Share, improve, save and inspire – Go LEEN!

Living a ‘lean’ lifestyle is the latest fashion for many. This way of living is all about being healthy and active: drinking green smoothies for breakfast, eating like our hunter-gatherer ancestors by following the paleo diet and bending our bodies in a hot yoga class. Why? By looking after our bodies, we get the most out of it, making ourselves function more efficient – metabolically and intellectually.

The same applies to the business world. The concept of ‘lean’ was introduced to management, manufacturing and even services processes a long time ago. In this context, ‘lean’ simply means creating more value with fewer resources by optimizing the purpose, people and processes of an organisation.

Some businesses in Germany have decided to go LEEN. LEEN stands for Learning Energy Efficiency Network and comprises of a collective of 10 to 15 companies within a region. The aim of such a network is to share knowledge and best practice in energy efficiency measures, to save money and reduce CO2 emissions. LEEN in this regard is lean: optimizing purpose, people and processes. Thereby many different efficiency investments and practices are being made available to all network’s participants. This may result in a faster and more cost-effective energy reduction.

The first LEENs were established in the mid-80s in Switzerland and the idea made its way to Germany in 2002. From 2009 to 2013 the Federal Ministry for the Environment, Nature Conservation, Building and Nuclear Safety (BMU) of Germany funded the project called ’30 Pilot Networks’. The research was conducted by Fraunhofer ISI and has now been evaluated. The results are worth a close look:

To qualify for the project, the operational energy costs of a business had to exceed €500,000/year. Over the project lifespan, all 360 participating businesses were able to reduce their energy demand by an average of 10%, twice as much as the non-network industry average. A stunning 5,650 measures were economically evaluated; more than 50% were financially viable. The average internal rate of return of the viable measures was 12%, yielding a payback time of just over three years. On average, realizing all viable measures in a participating company amounts to a total investment just over €500,000, saving an average of 2,780 MWh/year, worth 180,000€.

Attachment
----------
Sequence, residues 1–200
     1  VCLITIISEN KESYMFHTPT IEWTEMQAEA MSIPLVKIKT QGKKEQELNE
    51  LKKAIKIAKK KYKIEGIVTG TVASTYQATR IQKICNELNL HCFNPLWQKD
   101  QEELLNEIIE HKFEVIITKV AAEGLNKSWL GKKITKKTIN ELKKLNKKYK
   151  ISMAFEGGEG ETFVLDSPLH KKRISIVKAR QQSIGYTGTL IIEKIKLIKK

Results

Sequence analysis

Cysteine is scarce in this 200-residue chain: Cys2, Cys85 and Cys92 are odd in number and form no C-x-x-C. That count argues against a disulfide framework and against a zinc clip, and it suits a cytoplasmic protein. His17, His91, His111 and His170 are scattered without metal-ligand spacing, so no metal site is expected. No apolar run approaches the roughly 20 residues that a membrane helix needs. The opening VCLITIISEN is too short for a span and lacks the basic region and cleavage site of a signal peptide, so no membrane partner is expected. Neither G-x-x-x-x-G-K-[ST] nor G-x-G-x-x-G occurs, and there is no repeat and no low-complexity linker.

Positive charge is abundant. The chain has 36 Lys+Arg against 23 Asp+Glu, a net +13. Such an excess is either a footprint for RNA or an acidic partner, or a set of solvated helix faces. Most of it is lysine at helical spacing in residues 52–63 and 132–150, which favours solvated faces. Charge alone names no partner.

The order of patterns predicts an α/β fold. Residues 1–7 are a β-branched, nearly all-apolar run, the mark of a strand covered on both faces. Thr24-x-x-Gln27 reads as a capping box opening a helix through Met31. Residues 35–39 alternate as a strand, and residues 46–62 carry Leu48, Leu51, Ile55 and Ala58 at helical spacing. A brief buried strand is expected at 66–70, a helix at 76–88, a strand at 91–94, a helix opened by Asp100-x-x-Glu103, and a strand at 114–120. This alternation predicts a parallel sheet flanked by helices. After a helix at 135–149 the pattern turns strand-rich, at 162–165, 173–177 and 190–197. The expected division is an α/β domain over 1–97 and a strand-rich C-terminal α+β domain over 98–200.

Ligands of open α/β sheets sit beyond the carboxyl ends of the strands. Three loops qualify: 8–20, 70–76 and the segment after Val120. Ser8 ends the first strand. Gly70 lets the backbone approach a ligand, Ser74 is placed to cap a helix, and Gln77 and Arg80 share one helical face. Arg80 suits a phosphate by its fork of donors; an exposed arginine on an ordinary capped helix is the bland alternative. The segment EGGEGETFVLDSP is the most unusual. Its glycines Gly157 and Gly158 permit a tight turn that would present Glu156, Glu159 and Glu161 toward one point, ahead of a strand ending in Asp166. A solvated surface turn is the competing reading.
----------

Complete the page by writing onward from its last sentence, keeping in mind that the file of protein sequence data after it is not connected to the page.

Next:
To improve the energy efficiency, companies are often faced with considerable research and decision-making costs. This applies to individual energy efficiency solutions for production processes of innovative businesses in particular. This is where LEENs take action, cooperatively.

A LEEN project process involves 3 phases distributed over 3-4 years. An initiator, i.e. a regional chamber of commerce, starts the process by recruiting companies to join the network. This is followed by the consultancy phase, where an energy advisor takes an energy inventory to assess the saving potentials, manages expectations and the areas of interest within the network. The network phase consists of quarterly meetings at the individual companies and detailed annual reporting. The monitoring follows the DIN EN ISO 50001, Energy Management Systems regulations. The aim of this standard is to support businesses in establishing systems and processes necessary to improve their energy performance.

At the end of the project life span, companies decide on any continuation of the network. Due to the compelling results in energy and financial savings, many of the participating businesses of ’30 Pilot Networks’ have decided to keep up the network.

A special feature of the regularly held network meetings, called energy efficiency roundtables, is the professionally chaired knowledge and skills exchange. This distinguishes LEENs from other energy efficiency networks, such as the SME Network run by the Carbon Trust. The roundtables take place in rotation at every participating business, and also include a tour of the organization to get an idea of the individual energy efficiency questions and solutions.

The network is a learning network, one business’ success or failure can be informative and inspirational for another.

Whereas LEENs are designed for larger companies with high energy costs, the idea behind it is also attractive for small and medium sized (SME) businesses that often lack the resources and skills to carry out comprehensive energy efficiency inventories and to implement appropriate measures. In 2013, a German pilot project for SMEs started. It is called Mari:e-Networks which stands for ‘mach’s richtig: energieeffizient’, or ‘do it right: energy efficient.

Whether a multinational, a small SME or a network run by a county or local authority, the LEEN idea shows that together is better. By sharing ideas and knowledge in a more structured and effective way, businesses are able to make significant energy savings whilst at the same time reducing their carbon footprint.

Find out more about LEEN:

Heinke Thies is a PhD researcher in the Exeter Energy Policy Group 

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